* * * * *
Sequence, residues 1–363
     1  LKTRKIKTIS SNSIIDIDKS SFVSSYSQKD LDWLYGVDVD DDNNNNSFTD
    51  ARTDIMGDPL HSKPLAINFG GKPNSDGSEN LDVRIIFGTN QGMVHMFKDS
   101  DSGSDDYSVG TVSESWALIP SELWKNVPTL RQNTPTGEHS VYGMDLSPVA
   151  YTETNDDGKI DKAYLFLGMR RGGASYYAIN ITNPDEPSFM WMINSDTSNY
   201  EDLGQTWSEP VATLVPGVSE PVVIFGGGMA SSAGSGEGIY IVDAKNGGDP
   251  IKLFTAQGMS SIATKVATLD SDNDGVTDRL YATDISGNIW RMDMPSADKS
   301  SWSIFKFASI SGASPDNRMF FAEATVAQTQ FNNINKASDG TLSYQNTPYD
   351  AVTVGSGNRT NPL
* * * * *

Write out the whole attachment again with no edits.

Sequence, residues 1–363
     1  LKTRKIKTIS SNSIIDIDKS SFVSSYSQKD LDWLYGVDVD DDNNNNSFTD
    51  ARTDIMGDPL HSKPLAINFG GKPNSDGSEN LDVRIIFGTN QGMVHMFKDS
   101  DSGSDDYSVG TVSESWALIP SELWKNVPTL RQNTPTGEHS VYGMDLSPVA
   151  YTETNDDGKI DKAYLFLGMR RGGASYYAIN ITNPDEPSFM WMINSDTSNY
   201  EDLGQTWSEP VATLVPGVSE PVVIFGGGMA SSAGSGEGIY IVDAKNGGDP
   251  IKLFTAQGMS SIATKVATLD SDNDGVTDRL YATDISGNIW RMDMPSADKS
   301  SWSIFKFASI SGASPDNRMF FAEATVAQTQ FNNINKASDG TLSYQNTPYD
   351  AVTVGSGNRT NPL